“At the end of 2020,” Zikle testified, “there were over 24,000 megawatts of installations in Europe and the UK — over 10,000 megawatts in Asia-Pacific. While there are just 42 megawatts of domestic offshore wind in operation today, the U.S. market has tremendous potential with over 14,000 megawatts of offshore wind currently in permitting and pre construction phases. In addition to creating jobs, to date offshore wind companies have proposed investing at least $2.9 billion across manufacturing, ports, vessels, workforce development, and research areas.”

Zikle testified that Congress could help fuel the industry’s growth by facilitating major investments in port infrastructure, by providing incentives for more of the components of turbines and other elements of wind farms being manufactured in America, and by generally facilitating sustainable supply chains. 

Giles Dickson, CEO of Wind Europe, told the committee that offshore wind provides three percent of the electricity Europe consumes. Giles testified that Europe boasts 120 wind farms with 5,500 wind turbines overall that constitute 26 gigawatts of operational capacity. By 2030, that capacity is expected to reach 114 gigawatts, Giles testified.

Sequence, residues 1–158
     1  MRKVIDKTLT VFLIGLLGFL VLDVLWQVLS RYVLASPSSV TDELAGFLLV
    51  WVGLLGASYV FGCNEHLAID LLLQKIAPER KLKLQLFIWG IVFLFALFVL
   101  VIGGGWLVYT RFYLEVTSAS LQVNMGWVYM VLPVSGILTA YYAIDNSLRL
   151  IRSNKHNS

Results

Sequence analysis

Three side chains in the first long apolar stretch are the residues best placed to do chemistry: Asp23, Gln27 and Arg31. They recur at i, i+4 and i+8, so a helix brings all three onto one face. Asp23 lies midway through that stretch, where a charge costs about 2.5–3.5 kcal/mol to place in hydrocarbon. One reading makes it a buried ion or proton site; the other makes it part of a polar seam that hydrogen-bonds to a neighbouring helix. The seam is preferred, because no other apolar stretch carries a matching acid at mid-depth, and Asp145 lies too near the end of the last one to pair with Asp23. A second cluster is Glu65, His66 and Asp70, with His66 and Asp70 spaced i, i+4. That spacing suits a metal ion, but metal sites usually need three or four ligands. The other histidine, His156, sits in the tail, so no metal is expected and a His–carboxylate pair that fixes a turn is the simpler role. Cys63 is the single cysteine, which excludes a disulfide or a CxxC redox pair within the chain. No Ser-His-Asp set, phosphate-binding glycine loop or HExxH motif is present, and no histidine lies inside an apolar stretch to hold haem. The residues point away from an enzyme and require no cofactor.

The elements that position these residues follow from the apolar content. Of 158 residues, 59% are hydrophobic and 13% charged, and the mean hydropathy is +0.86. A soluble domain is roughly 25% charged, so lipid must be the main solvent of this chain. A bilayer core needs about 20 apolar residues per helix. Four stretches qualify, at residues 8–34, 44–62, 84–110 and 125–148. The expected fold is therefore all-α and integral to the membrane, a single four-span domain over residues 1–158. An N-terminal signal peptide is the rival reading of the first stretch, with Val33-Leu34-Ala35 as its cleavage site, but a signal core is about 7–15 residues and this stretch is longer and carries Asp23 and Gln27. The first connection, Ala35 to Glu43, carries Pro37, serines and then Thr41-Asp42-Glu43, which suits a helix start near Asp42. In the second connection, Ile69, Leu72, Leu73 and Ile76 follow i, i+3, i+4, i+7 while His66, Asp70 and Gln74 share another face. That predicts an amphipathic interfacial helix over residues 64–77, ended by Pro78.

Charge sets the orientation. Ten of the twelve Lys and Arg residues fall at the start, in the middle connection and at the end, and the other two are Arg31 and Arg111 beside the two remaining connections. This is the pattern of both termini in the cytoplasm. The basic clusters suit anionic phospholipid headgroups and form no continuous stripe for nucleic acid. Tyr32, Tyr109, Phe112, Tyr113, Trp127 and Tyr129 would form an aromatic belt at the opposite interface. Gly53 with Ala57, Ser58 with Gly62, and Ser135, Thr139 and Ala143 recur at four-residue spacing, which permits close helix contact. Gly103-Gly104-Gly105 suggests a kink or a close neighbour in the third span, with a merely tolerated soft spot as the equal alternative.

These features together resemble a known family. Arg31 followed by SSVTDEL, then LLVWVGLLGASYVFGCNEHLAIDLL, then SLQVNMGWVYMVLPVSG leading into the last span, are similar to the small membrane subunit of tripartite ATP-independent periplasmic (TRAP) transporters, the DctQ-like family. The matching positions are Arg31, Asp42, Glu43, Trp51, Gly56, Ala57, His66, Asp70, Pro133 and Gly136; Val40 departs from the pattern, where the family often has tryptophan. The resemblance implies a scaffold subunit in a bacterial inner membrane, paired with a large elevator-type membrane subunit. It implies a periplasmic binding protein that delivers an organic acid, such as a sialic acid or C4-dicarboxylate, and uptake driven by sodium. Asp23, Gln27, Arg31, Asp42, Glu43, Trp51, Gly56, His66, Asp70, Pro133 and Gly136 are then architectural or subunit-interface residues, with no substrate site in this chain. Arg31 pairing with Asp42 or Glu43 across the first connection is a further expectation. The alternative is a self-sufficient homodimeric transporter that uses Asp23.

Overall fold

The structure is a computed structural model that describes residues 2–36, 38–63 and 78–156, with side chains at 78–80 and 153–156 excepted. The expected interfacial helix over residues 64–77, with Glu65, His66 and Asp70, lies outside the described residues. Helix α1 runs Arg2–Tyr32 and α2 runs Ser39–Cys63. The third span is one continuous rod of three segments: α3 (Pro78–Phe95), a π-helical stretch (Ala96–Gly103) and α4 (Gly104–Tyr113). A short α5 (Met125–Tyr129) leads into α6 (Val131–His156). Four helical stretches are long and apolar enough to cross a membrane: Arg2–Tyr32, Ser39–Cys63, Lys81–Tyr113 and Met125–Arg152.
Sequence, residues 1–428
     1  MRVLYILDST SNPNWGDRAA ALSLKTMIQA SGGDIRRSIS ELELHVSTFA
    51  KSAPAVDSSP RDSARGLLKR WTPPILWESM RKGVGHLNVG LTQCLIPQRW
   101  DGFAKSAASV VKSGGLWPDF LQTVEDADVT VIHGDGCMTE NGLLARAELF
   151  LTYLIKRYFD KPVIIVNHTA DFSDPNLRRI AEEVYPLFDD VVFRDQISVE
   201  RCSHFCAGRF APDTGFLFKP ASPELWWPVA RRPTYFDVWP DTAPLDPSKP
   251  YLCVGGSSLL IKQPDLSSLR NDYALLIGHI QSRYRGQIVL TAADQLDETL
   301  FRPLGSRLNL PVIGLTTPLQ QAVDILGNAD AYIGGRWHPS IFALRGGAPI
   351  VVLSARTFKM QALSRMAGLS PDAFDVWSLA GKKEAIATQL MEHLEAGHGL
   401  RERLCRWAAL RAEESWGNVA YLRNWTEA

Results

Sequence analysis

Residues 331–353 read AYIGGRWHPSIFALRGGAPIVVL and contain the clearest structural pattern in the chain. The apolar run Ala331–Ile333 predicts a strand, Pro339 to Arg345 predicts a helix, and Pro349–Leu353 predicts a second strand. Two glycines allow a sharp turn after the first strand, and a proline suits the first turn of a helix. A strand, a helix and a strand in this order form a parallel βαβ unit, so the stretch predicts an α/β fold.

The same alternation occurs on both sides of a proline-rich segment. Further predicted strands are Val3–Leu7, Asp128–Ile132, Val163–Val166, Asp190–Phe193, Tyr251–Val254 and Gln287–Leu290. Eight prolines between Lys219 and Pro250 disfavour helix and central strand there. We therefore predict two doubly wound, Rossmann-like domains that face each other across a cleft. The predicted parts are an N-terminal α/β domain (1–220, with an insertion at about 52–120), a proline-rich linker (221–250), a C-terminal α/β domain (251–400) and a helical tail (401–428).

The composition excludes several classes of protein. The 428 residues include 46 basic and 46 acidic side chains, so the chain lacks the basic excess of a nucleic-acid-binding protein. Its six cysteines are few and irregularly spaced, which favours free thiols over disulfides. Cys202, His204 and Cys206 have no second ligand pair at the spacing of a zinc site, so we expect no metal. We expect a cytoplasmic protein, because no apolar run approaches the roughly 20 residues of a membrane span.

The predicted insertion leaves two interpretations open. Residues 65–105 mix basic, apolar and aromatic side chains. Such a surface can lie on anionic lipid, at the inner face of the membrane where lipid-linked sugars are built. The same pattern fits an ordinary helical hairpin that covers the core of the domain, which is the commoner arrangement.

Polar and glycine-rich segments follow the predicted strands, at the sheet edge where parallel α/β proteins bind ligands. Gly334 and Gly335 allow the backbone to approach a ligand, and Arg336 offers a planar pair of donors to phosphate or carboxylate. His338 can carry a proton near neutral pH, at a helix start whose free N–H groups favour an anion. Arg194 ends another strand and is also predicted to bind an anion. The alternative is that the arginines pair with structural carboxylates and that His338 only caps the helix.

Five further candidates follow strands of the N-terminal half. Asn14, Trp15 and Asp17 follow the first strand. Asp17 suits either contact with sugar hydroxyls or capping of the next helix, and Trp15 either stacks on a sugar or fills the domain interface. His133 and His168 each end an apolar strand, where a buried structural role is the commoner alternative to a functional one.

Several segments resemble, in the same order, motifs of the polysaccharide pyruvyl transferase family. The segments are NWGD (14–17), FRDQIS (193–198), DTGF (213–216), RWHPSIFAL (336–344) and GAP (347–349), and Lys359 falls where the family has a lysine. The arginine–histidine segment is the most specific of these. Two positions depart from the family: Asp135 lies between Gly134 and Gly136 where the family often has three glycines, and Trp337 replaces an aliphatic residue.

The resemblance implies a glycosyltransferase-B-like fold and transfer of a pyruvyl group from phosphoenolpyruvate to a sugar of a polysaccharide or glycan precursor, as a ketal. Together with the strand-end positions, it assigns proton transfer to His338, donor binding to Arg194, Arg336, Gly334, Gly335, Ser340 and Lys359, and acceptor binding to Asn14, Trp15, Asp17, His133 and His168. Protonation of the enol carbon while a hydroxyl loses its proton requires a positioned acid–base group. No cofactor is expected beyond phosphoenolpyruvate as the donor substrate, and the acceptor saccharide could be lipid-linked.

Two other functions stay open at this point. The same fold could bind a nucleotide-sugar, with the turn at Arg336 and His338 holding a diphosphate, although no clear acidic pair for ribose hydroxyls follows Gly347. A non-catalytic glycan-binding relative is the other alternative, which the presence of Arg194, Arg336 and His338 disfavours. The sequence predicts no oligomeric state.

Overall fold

While climate change is a driving factor for offshore wind, Giles noted that the economic draw of offshore wind is well recognized in public and private sectors. “It is now cheaper to build offshore wind in most of Europe than it is to build new coal, gas or nuclear power plants,” Giles testified. 

The 77,000 jobs created by offshore wind in Europe presently is expected to reach 200,000 jobs by 2030, Giles testified. “Everytime we build an offshore wind turbine that generates on average $18 million of economic activity,” he testified. 

The present average capacity of turbines is 8 megawatts, Giles testified, but by 2030 turbines with 15 megawatt capacity are anticipated.